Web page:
Salary Distribution for Lawyers

The earning potential for new lawyers varies significantly, and understanding the salary distribution can provide insights into the average pay for lawyers out of law school. In this section, we will explore the distribution of salaries among new lawyers and highlight the two major peaks in the salary curve.

Large law firms tend to offer high salaries, resulting in a bimodal distribution. One peak in the salary distribution falls at the $190,000 mark, representing the most common salary for big law firms. This peak highlights the earning potential for lawyers in prestigious positions.

The other peak in the salary distribution occurs in the range of $45,000 to $75,000. This range indicates a significant number of jobs that fall below the median salary of $75,000. Many of these positions are in smaller firms or other sectors of the legal industry.

While more than one-third of reported salaries exceed $100,000, over half of the reported salaries are $75,000 or less. This distribution implies that the earning potential for new lawyers is diverse, and the majority of jobs do not fall within the highest salary range typically associated with big law firms.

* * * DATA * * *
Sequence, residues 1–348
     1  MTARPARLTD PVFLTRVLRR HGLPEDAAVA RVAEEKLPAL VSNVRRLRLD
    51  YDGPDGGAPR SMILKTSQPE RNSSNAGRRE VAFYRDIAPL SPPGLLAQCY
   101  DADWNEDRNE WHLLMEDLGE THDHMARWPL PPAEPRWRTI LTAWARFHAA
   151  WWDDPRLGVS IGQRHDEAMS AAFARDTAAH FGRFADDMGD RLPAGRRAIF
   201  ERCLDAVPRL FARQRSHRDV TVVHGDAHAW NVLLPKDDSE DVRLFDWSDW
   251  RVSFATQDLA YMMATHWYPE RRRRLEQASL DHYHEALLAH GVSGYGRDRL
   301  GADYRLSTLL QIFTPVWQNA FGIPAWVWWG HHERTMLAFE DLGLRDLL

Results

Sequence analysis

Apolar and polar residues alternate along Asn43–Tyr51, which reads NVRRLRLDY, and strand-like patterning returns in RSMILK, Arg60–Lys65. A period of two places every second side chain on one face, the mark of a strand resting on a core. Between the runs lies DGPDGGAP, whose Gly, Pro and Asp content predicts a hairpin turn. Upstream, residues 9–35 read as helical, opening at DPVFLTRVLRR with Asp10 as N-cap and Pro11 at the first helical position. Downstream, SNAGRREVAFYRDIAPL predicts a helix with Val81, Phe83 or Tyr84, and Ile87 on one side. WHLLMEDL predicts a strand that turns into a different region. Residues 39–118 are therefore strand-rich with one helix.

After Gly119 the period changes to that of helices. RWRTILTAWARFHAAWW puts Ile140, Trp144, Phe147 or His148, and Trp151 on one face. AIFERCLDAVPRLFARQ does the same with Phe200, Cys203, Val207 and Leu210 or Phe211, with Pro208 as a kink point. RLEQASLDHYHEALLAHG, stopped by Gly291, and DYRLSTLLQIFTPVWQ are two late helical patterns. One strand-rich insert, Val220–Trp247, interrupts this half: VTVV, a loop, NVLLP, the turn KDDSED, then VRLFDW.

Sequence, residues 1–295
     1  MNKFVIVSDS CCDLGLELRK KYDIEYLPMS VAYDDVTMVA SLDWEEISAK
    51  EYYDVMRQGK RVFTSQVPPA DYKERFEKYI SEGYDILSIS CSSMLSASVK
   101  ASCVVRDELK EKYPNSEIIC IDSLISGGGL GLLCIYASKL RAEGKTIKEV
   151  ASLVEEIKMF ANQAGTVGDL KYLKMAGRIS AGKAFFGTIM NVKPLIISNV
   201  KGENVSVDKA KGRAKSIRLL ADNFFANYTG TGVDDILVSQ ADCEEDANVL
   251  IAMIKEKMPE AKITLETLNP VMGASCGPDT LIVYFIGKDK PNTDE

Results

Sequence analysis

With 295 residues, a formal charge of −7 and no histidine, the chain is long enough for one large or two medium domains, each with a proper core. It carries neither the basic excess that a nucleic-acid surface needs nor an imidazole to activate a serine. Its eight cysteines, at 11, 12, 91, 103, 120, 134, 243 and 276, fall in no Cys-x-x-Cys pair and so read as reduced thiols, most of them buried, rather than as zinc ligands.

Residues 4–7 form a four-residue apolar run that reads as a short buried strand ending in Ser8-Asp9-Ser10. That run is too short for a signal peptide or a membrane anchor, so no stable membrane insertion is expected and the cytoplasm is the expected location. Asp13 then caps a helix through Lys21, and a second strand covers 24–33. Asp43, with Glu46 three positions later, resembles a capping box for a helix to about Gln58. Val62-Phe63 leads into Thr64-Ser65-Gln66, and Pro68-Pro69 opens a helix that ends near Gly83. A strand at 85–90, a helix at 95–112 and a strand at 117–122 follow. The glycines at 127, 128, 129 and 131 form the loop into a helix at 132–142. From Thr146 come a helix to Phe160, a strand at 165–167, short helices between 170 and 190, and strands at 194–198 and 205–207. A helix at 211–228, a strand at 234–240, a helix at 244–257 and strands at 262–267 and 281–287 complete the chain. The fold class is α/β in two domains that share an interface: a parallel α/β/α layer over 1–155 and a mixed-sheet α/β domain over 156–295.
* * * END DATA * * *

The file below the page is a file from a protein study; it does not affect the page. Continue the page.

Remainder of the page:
Understanding the salary distribution is crucial for new lawyers as they consider their career paths and evaluate potential job opportunities. It’s important to remember that the salary range varies depending on factors such as the type of employment, geographical location, and the size of the law firm.

Next, we will explore the employment status of law school graduates and provide insights into the different types of employers and their respective salary information.

Employment Status of Law School Graduates

After completing law school, the ultimate goal for graduates is to secure employment in the legal field. The employment statistics for law school graduates from the classes of 2020, 2021, and 2022 indicate favorable outcomes for the majority of graduates. Here’s a breakdown of the employment status:

  • 97% to 99% of graduates in known employment status were employed.
  • The percentage of graduates employed in positions that require bar passage ranged from 94.9% to 97.8%.
  • A small percentage of graduates chose to pursue employment outside the legal field or continued their education in graduate degree programs.
  • The number of unemployed graduates actively seeking employment ranged from 0.7% to 1.9%.

These figures reflect the success of law school graduates in finding employment opportunities after completing their legal education. It showcases the demand for legal professionals and the value placed on their skills and expertise in various sectors.

Law School Graduate Salary